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Friday, April 26, 2013

Regulation of Broadcast Indecency: Background and Legal Analysis

Kathleen Ann Ruane
Legislative Attorney

During the 2012 Super Bowl Halftime Show, the rapper M.I.A. (stage name for the artist Mathangi “Maya” Arulpragasm) made an indecent gesture during her live performance, reigniting the debate over whether the FCC could punish broadcasters for fleeting indecency. M.I.A.’s performance echoed two other prominent television events that have been the subject of ongoing litigation. The airing of an expletive by Bono (stage name for the artist Paul David Hewson) during the 2003 Golden Globe Awards, as well as the “wardrobe malfunction” that occurred during the 2004 Super Bowl halftime show, gave broadcast indecency prominence at the Federal Communications Commission (FCC) and in the 109th and 110th Congresses. These incidents resulted in the enactment of P.L. 109-235 (2006), which increased the penalties for broadcast indecency by tenfold. They also resulted in protracted litigation that was the subject of two recent Supreme Court decisions that eventually reversed the fines the FCC had issued in these cases.

Federal law makes it a crime to utter “any obscene, indecent, or profane language by means of radio communication” (18 U.S.C. §1464). Violators of this statute are subject to fines and imprisonment of up to two years; the FCC may enforce this provision by forfeiture or revocation of a broadcaster’s license. The FCC has found that for material to be “indecent,” it “must describe or depict sexual or excretory organs or activities,” and “must be patently offensive as measured by contemporary community standards for the broadcast medium.” The federal government’s authority to regulate material that is “indecent” but not obscene was upheld by the Supreme Court in Federal Communications Commission v. Pacifica Foundation, which found that prohibiting such material during certain times of the day does not violate the First Amendment.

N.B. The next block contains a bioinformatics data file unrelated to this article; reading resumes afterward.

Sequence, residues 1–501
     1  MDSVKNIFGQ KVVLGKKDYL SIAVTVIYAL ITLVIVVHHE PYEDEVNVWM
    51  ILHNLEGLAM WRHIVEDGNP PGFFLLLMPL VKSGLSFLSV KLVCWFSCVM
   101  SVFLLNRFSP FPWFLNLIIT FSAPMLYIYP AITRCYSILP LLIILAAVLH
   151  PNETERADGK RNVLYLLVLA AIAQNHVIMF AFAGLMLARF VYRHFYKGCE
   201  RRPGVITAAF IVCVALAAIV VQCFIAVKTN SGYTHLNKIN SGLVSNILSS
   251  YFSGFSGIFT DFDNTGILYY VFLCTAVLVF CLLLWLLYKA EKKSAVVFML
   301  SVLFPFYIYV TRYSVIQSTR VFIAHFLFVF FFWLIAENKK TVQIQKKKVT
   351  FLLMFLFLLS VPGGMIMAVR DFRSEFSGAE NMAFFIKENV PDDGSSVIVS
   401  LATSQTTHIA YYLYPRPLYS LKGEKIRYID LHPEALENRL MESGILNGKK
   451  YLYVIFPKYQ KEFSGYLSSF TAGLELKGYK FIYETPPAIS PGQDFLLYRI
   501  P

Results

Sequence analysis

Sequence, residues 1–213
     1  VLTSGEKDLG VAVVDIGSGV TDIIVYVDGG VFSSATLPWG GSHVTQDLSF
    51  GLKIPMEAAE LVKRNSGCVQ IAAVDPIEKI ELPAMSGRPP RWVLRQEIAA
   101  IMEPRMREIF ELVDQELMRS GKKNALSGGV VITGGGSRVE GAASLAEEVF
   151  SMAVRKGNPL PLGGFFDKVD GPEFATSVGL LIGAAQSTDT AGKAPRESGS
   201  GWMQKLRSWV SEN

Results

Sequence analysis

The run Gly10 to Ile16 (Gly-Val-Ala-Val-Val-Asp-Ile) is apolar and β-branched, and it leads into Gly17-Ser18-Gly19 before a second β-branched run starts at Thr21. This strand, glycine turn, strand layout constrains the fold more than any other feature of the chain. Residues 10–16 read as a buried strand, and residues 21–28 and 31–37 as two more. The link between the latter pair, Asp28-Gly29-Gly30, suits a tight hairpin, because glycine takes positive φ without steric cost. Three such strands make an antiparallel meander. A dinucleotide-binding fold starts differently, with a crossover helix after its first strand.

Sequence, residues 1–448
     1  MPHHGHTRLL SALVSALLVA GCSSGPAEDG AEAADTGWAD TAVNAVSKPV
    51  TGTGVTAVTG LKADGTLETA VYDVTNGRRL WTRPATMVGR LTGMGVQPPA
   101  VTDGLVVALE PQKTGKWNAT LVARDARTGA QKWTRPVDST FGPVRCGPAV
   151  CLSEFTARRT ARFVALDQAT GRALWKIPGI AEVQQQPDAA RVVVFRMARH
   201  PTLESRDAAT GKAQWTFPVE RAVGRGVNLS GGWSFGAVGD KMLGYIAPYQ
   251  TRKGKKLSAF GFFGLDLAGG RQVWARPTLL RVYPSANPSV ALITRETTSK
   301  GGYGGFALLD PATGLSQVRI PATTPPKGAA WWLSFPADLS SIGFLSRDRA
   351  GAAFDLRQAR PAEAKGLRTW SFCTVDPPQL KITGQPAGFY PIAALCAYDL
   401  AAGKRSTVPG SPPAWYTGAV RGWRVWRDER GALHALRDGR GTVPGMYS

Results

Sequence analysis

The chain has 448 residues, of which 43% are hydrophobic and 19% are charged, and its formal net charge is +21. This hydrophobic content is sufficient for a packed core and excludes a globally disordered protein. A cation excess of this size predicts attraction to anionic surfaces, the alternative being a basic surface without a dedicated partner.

In 1992, Congress enacted P.L. 102-356 (47 U.S.C. §303 note), Section 16(a) of which, as interpreted by the courts, requires the FCC to prohibit “indecent” material on broadcast radio and broadcast television from 6 a.m. to 10 p.m. Under P.L. 109-235, “indecent” broadcasts are now subject to a fine of up to “$325,000 for each violation or each day of continuing violation, except that the amount assessed for any continuing violation shall not exceed a total of $3,000,000 for any single act or failure to act.” Fines may be levied against broadcast stations, but not against broadcast networks. The FCC appears to have the statutory authority to fine performers as well (up to $32,500 per incident), but has taken the position that “[c]ompliance with federal broadcast decency restrictions is the responsibility of the station that chooses to air the programming, not the performers.”

The federal restriction on “indecent” material applies only to broadcast media. This stems from the fact that there are a limited number of broadcast frequencies available. The Supreme Court, therefore, interprets the First Amendment in a manner that allows the government to regulate speech via broadcast media to a greater extent than via other media. This report discusses the legal evolution of the FCC’s indecency regulations, and provides an overview of how the current regulations have been applied. Two recent cases have considered to what extent broadcast indecency can be regulated before First Amendment rights are impermissibly infringed. Fleeting expletives and images like those in the Golden Globes and Super Bowl halftime show cases have been subject to government enforcement action, and those enforcement actions have been challenged as violations of the First Amendment. The Supreme Court in Pacifica left open the question whether broadcasting an occasional expletive, as in the Bono case, would justify a sanction. As noted above, the Supreme Court has recently agreed to hear a case that may decide this question.

Date of Report: April 16, 2013
Number of Pages: 24
Order Number: RL32222
Price: $29.95

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